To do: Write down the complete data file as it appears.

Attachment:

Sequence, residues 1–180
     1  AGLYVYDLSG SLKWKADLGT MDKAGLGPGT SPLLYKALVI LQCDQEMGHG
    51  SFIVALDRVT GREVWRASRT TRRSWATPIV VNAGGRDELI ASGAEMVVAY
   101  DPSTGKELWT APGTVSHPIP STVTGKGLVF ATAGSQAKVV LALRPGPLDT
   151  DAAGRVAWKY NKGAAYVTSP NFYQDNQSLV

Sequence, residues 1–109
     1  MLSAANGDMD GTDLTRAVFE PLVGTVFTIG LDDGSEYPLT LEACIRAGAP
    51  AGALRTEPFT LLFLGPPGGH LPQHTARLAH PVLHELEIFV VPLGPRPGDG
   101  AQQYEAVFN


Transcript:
Sequence, residues 1–180
     1  AGLYVYDLSG SLKWKADLGT MDKAGLGPGT SPLLYKALVI LQCDQEMGHG
    51  SFIVALDRVT GREVWRASRT TRRSWATPIV VNAGGRDELI ASGAEMVVAY
   101  DPSTGKELWT APGTVSHPIP STVTGKGLVF ATAGSQAKVV LALRPGPLDT
   151  DAAGRVAWKY NKGAAYVTSP NFYQDNQSLV

Sequence, residues 1–109
     1  MLSAANGDMD GTDLTRAVFE PLVGTVFTIG LDDGSEYPLT LEACIRAGAP
    51  AGALRTEPFT LLFLGPPGGH LPQHTARLAH PVLHELEIFV VPLGPRPGDG
   101  AQQYEAVFN